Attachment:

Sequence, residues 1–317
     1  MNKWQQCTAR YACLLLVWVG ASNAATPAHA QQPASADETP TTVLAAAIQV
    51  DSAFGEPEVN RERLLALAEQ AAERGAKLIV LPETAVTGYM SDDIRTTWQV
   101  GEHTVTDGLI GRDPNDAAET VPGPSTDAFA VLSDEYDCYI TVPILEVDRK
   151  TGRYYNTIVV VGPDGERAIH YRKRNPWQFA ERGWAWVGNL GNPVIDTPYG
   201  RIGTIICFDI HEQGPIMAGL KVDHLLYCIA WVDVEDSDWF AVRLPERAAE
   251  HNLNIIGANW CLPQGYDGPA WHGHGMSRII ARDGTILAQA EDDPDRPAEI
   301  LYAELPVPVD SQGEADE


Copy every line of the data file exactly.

Sequence, residues 1–317
     1  MNKWQQCTAR YACLLLVWVG ASNAATPAHA QQPASADETP TTVLAAAIQV
    51  DSAFGEPEVN RERLLALAEQ AAERGAKLIV LPETAVTGYM SDDIRTTWQV
   101  GEHTVTDGLI GRDPNDAAET VPGPSTDAFA VLSDEYDCYI TVPILEVDRK
   151  TGRYYNTIVV VGPDGERAIH YRKRNPWQFA ERGWAWVGNL GNPVIDTPYG
   201  RIGTIICFDI HEQGPIMAGL KVDHLLYCIA WVDVEDSDWF AVRLPERAAE
   251  HNLNIIGANW CLPQGYDGPA WHGHGMSRII ARDGTILAQA EDDPDRPAEI
   301  LYAELPVPVD SQGEADE